China’s art market has cooled down significantly this year due to slower economic growth, rampant counterfeits and speculations

Replicas strangling China’s art market

Staff Reporter


China’s art market has cooled down significantly this year due to slower economic growth, rampant counterfeits and speculations, reports the Chinese language Economic Information Daily.The Eighth China (Changchun) Folk Art Fair, held in the capital of Jilin province in August, is one of the largest art auctions in the country. However, the numbers of visitors and items exhibited at the fair have plunged significantly.

One of the exhibitors, surnamed Huang, said most of his exhibited items sold out in a day or two in the past. This year, as of day three he had yet to strike a single deal. Another exhibitor said less than 50 people visited his stand. He sold over one million yuan (US$164,000) in art pieces last year but he has only sold a few pieces this year.

Since the art market has declined for the second consecutive year, the number of art pieces with high price tags has also decreased. An exhibitor from Anshan, Liaoning province, said his largest jade pieces, named Generations of Senior Officials, could have been sold at a good price a few years ago but only a handful of people asked about it this year. Those who have showed interest offered extremely low prices.

China Association of Auctioneers’ data showed the number of items worth over ten million yuan (US$1.64 million) auctioned in the art fairs decreased 375 from 2011 to 2012 and their volume of transactions dropped 66.21% to 4.6 billion yuan (US$757 million). The overall transaction volume of art markets decreased 47.88%, or 26.5 billion yuan (US$4.3 billion), during the same period.

Artron, a Chinese art market observer, said the number of auctioneers, auctions and art pieces actually increased in Spring this year. However, the number of high quality art pieces plunged and dragged down the amount and volume of transactions and the price of a single item.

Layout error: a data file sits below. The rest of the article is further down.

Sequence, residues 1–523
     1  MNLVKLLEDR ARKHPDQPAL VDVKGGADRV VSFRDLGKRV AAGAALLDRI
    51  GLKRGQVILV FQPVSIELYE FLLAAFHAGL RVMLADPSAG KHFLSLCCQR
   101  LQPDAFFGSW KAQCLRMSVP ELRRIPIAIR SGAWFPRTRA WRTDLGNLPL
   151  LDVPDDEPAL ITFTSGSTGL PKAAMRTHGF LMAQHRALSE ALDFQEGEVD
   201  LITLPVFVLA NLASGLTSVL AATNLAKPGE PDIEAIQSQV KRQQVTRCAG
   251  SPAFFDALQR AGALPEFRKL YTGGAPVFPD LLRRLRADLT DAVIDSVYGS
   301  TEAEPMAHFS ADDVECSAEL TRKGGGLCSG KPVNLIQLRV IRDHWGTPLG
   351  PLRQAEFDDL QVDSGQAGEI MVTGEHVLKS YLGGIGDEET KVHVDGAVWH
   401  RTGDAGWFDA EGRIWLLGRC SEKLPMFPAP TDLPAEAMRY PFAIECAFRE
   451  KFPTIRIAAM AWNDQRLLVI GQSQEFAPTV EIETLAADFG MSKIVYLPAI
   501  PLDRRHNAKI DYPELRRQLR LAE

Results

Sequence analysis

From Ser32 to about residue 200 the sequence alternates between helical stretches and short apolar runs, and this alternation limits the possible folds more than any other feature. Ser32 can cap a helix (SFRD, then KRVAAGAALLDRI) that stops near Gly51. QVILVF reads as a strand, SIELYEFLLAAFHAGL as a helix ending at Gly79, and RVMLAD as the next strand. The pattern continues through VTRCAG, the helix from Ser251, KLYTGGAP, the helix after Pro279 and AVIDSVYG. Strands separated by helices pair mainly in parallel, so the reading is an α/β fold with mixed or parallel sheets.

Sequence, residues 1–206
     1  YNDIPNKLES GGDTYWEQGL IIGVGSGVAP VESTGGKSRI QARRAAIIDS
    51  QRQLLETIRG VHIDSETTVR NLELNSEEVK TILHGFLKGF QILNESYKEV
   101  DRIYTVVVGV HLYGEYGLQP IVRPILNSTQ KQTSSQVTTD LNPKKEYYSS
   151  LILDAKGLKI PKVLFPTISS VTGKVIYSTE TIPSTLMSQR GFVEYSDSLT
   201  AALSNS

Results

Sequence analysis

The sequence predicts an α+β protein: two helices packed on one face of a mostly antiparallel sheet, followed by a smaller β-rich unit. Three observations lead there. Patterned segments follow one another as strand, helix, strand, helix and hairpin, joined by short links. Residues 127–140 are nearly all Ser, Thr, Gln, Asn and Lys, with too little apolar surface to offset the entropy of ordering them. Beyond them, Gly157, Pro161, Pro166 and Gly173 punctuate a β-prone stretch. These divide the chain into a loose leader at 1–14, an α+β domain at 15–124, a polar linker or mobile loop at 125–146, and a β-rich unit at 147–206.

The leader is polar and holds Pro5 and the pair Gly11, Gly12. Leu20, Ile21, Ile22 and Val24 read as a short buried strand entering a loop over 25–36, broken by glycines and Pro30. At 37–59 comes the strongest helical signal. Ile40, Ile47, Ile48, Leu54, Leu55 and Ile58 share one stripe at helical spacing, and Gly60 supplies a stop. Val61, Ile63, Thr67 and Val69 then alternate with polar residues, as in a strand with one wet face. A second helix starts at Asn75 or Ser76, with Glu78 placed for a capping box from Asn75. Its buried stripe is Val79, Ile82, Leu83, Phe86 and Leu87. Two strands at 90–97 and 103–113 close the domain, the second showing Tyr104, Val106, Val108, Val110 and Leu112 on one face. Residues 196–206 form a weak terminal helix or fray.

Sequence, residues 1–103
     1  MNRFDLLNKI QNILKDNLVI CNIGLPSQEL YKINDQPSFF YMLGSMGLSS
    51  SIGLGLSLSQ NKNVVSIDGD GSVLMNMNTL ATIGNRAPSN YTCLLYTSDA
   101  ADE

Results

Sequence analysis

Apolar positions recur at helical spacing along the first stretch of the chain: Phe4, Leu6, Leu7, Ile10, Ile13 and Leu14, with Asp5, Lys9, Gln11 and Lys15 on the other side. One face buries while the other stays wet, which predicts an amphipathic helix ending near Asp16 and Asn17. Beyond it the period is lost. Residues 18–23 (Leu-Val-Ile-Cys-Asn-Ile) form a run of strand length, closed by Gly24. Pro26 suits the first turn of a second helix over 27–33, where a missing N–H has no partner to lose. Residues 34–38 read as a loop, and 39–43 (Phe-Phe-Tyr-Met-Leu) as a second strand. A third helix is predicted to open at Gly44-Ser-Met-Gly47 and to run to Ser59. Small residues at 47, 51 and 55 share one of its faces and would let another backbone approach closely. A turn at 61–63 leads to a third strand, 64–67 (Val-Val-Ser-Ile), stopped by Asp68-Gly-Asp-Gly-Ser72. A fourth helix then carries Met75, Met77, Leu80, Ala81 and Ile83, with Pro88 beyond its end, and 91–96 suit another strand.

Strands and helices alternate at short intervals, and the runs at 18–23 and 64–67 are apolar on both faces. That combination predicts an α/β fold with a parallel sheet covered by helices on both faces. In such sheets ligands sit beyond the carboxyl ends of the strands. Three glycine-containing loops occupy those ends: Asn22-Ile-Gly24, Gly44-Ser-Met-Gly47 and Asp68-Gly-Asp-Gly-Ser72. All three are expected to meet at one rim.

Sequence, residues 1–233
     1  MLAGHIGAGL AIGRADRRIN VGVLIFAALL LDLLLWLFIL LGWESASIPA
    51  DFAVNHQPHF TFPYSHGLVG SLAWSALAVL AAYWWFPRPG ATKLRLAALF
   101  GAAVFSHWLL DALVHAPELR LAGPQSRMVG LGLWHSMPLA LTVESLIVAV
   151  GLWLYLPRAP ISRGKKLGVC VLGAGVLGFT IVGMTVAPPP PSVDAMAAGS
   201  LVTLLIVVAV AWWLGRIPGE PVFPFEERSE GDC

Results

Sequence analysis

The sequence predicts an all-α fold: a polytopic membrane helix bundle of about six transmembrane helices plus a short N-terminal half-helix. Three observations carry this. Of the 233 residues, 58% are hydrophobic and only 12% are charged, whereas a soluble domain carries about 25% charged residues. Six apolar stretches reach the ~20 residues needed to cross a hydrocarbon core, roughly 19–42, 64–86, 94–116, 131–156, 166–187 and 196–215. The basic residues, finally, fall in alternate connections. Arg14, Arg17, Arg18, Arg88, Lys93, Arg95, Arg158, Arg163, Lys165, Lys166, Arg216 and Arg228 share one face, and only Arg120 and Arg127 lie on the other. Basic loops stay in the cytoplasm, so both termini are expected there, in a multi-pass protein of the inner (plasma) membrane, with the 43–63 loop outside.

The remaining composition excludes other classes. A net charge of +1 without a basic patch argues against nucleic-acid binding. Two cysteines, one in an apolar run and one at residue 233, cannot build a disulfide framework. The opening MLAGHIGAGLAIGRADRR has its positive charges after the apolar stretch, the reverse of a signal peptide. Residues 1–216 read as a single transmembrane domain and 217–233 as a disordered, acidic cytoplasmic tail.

Many people took the art pieces they bought to the Changchun art fair for appraisal services. Gao Lixin, a consultant to multiple Chinese art sellers, said replicas and counterfeits have been rampant in the market but many buyers hope they can find a real one and make money from it.

“There are too many replicas in the market which have affected decent sellers. Collectors now decide to observe rather than buy due to the chaotic market, which is also one of the reasons that sales in art fairs have been poor. People fear the items they buy will be fake,” said a seller. Replicas have been sold as genuine ones and the collectors who accidentally bought them often try to sell them to other buyers.

Most of the buyers in the market are speculators who have little knowledge of the art pieces they buy and only intend to become overnight billionaires through their art collections. Experts contribute market disturbances to a lack of a monitoring system, authoritative appraisal institutions and standards. Private appraisal services have boomed in China but appraisal scams have increased as a result. Anyone can obtain an appraisal certificate as long as they have enough money. Industrial insiders said China’s art market is likely to go through an adjustment in the next two to three years.

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Kee Koon Boon (“KB”) is the co-founder and director of HERO Investment Management which provides specialized fund management and investment advisory services to the ARCHEA Asia HERO Innovators Fund (, the only Asian SMID-cap tech-focused fund in the industry. KB is an internationally featured investor rooted in the principles of value investing for over a decade as a fund manager and analyst in the Asian capital markets who started his career at a boutique hedge fund in Singapore where he was with the firm since 2002 and was also part of the core investment committee in significantly outperforming the index in the 10-year-plus-old flagship Asian fund. He was also the portfolio manager for Asia-Pacific equities at Korea’s largest mutual fund company. Prior to setting up the H.E.R.O. Innovators Fund, KB was the Chief Investment Officer & CEO of a Singapore Registered Fund Management Company (RFMC) where he is responsible for listed Asian equity investments. KB had taught accounting at the Singapore Management University (SMU) as a faculty member and also pioneered the 15-week course on Accounting Fraud in Asia as an official module at SMU. KB remains grateful and honored to be invited by Singapore’s financial regulator Monetary Authority of Singapore (MAS) to present to their top management team about implementing a world’s first fact-based forward-looking fraud detection framework to bring about benefits for the capital markets in Singapore and for the public and investment community. KB also served the community in sharing his insights in writing articles about value investing and corporate governance in the media that include Business Times, Straits Times, Jakarta Post, Manual of Ideas, Investopedia, TedXWallStreet. He had also presented in top investment, banking and finance conferences in America, Italy, Sydney, Cape Town, HK, China. He has trained CEOs, entrepreneurs, CFOs, management executives in business strategy & business model innovation in Singapore, HK and China.

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